Dear Amy: My 21-year-old son goes to college in a neighboring state. He lives in an apartment with several friends.
About three months ago, my husband and I were awakened in the middle of the night by our son calling. He had been arrested for public intoxication and disorderly conduct, after he and some friends got into a shoving match outside of a bar.
My husband was livid, and drove the three hours to the police station to bail him out and bring him back home.
When they arrived back to our house, our son was sullen and unapologetic. Despite multiple discussions, he accepted no accountability whatsoever.
My husband and I decided to cut his monthly allowance in half moving forward, which would basically force him to work more hours at his part-time retail job in order to pay his rent. Our thinking was that he needed to have less time to get into fights outside of bars.
Our son complained endlessly about it being unfair, and has now given us the silent treatment for over a month. Besides confirming that he's alive via text message, he won't return calls or emails, and he did not show up at a recent family function.
My husband is starting to think our punishment was too severe. He wants to back down. I do not think my son has learned his lesson. I believe he is playing us. Am I being too harsh here?
-- Stand Tough Mom
Dear Mom: Your logic, as well as the consequence, seems proportional and appropriate. However, in your narrative, you don't cite what exactly you expect from your son at this point.
If the lesson you wanted him to learn is that getting in drunken brawls is a terrible and dangerous way to behave, then it's possible that he has already learned his lesson. He is not mature enough yet to thank you for it.
You should clarify where you stand regarding his behavior and offer him an opportunity to affect the outcome. Email him: "We've decided that if you pay all court costs and keep your grades up next semester, we'd be willing to discuss resuming our previous financial arrangement. Understand that receiving a middle-of-the-night phone call is an experience every parent dreads. We were shocked, scared, and disappointed in your behavior. We all make mistakes in life (ask me about the time I skipped my bio-chem final in order to go to a U2 concert); however, part of the process of turning the page is to take ownership of what you've done, in order to do better in the future. So far, you don't seem to have done that."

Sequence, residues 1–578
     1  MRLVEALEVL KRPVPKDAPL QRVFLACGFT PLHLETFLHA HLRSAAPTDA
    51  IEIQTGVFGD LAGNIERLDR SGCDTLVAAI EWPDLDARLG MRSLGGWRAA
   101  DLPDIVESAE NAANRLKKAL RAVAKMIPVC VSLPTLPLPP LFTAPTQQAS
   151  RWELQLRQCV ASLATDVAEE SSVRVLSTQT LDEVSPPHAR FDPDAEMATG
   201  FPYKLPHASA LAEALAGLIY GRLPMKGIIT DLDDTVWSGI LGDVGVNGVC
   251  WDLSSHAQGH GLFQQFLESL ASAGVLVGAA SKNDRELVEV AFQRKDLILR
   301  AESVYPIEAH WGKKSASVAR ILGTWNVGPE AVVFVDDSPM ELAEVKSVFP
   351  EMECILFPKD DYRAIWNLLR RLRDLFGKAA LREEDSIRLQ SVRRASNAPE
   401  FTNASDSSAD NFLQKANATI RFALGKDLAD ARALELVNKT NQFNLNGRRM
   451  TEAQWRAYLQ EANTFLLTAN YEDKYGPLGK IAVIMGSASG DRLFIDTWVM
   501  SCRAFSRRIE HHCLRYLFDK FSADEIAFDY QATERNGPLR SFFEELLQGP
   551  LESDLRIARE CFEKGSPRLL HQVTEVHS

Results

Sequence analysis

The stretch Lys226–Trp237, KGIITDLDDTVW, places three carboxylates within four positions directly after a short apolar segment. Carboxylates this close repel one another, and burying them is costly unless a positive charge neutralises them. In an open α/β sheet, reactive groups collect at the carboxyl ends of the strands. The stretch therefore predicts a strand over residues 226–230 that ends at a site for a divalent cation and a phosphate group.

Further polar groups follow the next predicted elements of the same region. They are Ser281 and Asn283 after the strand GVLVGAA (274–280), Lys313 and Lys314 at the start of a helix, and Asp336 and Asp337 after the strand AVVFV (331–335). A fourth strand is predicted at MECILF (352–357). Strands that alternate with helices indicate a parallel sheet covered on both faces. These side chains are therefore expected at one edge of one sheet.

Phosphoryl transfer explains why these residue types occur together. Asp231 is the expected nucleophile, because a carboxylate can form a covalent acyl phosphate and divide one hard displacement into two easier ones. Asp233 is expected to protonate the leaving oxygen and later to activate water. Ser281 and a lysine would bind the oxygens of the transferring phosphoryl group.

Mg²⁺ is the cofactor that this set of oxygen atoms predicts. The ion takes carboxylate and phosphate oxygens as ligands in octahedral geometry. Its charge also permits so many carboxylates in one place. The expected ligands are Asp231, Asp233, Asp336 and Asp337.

After you send your email, don't aggressively chase him for a response.
If he continues to sulk, understand that he is not yet the grown man he will someday be.
Dear Amy: How do you politely ask people to leave your home?
I host a holiday midday meal gathering of family and friends, totaling 16 people.
I get up at the crack of dawn to prepare with a nice table setting, food and drink.
Throughout most of the day, I am busy with my guests and their needs. I never get off my feet.
Most meal gatherings I go to conclude once dessert and coffee have been served. For some reason, half of my guests decide it's time to move to the living room and continue for several more hours. Usually these last holdouts stay three or four more hours after dessert. I am exhausted, I still have major clean-up to do and really would like to invite everyone to leave once dessert is over. But how?
-- Won't Host Again
Dear Won't: I think this is happening because your event happens during the day. Guests don't feel midnight bearing down on them.
You should ask stragglers to help with the clean-up. Give them jobs! And you take a seat and drink in your own hospitality.
If you want them to leave, you should say, "Well, this has been wonderful, but I really need to pack it in. Can I help you find your coats?"
Dear Amy: "Moving On" wanted to exit a long-term friendship.
I, too, had a 30-year friendship that was suffocating. Many times, I thought about to how gracefully exit. Then came the day I made a major life decision that didn't include him. He dropped the friendship like a hot potato. I don't miss him at all. Sometimes friendships just run their course.
-- Moved On and Glad
Dear Moved On: Exactly.